Question 25

Created on Fri, 05/29/2015 - 18:44
Last updated on Tue, 08/11/2015 - 18:42
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Outline the principles of management of superior vena caval obstruction.

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College Answer

Principles of management include:

Diagnose it clinically

History - dyspnoea, head fullness, cough, lines, tumour

Examination - plethoric cyanosed facies, periorbital oedema, exopthalmos, conjunctival injection, fundal venous engorgement, raised non-pulsatile JVP, lymphadenopathy, Pemberton's sign, dilated arm and chest collaterals

Look for associated features

Central airway compression, recurrent laryngeal involvement, phrenic nerve paralysis, Horner'ssyndrome, cardiac tamponade, pleural effusion

Confirm by investigation and look for cause

Thoracic neoplasm (usually bronchogenic Ca or Non Hodgkin’s Lymphoma), retrosternal thyroid,mediastinal fibrosis (post infection), thrombosis from intravascular device, aneurysm

High resolution CT is the most useful investigation. Also consider CXR, bronchoscopy/biopsy, echocardiograph, mediastinoscopy/biopsy, Magnetic Resonance Imaging

Peripheral tissue diagnosis often successful - node biopsy, sputum cytology, Bone Marrow biopsy

Treat obstruction

Steroids, Deep X-Ray Therapy, chemotherapy, surgery when indicated. Anticoagulation andthrombolytic Rx for acute catheter related thrombosis.

Support as necessary

Initial vascular access - IVC territory. Prepare for peri-operative/anaesthesia risks - CVS collapse(tamponade), central airway obstruction, laryngeal dysfunction, associated respiratory dysfunction(pleural and pulmonary involvement)

Few candidates considered the significant risk of sedating/anaesthetising patients with a mediastinal mass.

Discussion

The causes of SVC obstruction can be divided into malignant and non-malignant.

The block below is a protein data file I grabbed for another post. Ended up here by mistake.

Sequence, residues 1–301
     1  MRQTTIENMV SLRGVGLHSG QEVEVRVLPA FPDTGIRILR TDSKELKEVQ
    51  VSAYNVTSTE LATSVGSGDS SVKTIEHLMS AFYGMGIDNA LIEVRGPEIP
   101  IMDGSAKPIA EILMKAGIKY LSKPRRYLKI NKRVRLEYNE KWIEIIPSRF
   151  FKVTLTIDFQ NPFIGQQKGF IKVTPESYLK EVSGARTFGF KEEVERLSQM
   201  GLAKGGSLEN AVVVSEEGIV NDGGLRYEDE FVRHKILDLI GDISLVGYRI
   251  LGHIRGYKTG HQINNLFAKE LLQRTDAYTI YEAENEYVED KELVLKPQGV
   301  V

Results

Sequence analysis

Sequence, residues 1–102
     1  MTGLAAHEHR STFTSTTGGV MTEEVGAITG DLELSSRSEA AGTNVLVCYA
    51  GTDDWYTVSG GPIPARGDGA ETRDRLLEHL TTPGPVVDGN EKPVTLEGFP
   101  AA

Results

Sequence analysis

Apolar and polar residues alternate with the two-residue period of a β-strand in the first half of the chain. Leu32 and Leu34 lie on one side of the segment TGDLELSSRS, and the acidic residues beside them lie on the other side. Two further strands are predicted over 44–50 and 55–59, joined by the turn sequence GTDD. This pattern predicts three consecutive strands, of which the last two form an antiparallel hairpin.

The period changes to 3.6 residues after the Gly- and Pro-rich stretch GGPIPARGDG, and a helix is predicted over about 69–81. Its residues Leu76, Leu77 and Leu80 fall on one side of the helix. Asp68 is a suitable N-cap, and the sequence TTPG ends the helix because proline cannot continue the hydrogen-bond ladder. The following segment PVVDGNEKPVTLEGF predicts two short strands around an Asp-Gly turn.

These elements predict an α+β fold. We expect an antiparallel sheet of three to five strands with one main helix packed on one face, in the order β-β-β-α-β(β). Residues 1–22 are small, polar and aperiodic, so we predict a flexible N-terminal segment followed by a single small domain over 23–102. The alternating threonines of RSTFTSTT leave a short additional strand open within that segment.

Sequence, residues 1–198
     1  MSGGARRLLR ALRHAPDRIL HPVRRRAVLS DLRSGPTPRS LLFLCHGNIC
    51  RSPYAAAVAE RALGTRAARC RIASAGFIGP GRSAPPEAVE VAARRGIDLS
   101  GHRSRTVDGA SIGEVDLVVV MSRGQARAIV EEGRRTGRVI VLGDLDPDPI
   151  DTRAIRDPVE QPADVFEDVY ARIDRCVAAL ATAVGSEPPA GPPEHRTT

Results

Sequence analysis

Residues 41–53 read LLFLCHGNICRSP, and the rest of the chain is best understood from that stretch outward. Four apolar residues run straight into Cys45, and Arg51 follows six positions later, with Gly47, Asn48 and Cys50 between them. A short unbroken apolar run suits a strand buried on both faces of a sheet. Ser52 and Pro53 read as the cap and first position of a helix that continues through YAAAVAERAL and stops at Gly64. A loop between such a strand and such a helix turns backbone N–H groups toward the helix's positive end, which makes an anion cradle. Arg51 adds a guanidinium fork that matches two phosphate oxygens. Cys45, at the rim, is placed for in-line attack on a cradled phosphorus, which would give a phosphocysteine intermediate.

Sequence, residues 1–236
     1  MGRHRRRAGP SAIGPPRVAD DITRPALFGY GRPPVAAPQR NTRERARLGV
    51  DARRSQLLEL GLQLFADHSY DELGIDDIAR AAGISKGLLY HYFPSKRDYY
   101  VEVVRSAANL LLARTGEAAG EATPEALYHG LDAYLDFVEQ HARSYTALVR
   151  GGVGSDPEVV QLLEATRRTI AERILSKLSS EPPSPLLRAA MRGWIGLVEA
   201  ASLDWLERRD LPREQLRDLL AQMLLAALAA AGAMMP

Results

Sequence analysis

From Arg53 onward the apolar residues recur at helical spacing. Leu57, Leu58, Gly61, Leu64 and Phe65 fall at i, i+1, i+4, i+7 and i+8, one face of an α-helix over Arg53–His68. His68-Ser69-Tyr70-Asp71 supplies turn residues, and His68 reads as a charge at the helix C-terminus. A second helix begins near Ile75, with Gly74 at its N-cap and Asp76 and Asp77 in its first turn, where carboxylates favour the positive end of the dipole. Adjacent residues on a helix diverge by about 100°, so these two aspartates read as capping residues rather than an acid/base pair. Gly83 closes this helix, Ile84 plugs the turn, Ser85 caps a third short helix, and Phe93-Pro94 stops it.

The non-malignant causes are well summarised in a nice table in the below-referenced article.

I will paraphrase it in the structured answer offered below.

Type of SVC obstruction

Aetiology

Diagnosis

Management

Malignant

Malignant mass in thoracic inlet

History (eg. smoking)
CT
MRI
CXR

Surgical excision
SVC stenting by interventional radiology
Dexamethasone 
Radiation therapy

Non-malignant

Tuberculosis

Suspicious history, CT, CXR, aspiration and AFB/ZN stain/PCR  of the contents

Specific antituberculosis therapy
Surgical relief of obstruction
SVC stenting by interventional radiology

Abscess

CT, CXR, aspiration and gram stain / culture of the contents

Surgical drainage
Appropriate antibiotics

Goitre

CXR, CT, TFTs, biopsy of the mass

Surgical excision
Thyroid-suppressing medication eg. carbimazole
SVC stenting by interventional radiology

Thrombus

History of IJ CVC
CT with contrast, ultrasound

Antioagulation; clot retrieval by interventinal radiology procedure, or surgical embolectomy

Fibrosing mediastinitis

CT;
History of mediastinitis or mediastinal radiotherapy

Surgical relief of obstruction
SVC stenting by interventional radiology

Aortic aneurysm

Ct with contrast; TOE

Surgical management of aneurysm;
SVC stenting by interventional radiology

Superior vena cava obstruction receives a (slightly) more detailed treatment in the "Required Reading" section, in a level of detail proportional to its value for the exam candidate.

References

MAURIEMARKMAN, MD. "Diagnosis and management of superior vena cava syndrome." Cleveland Clinic journal of medicine 66.1 (1999): 59.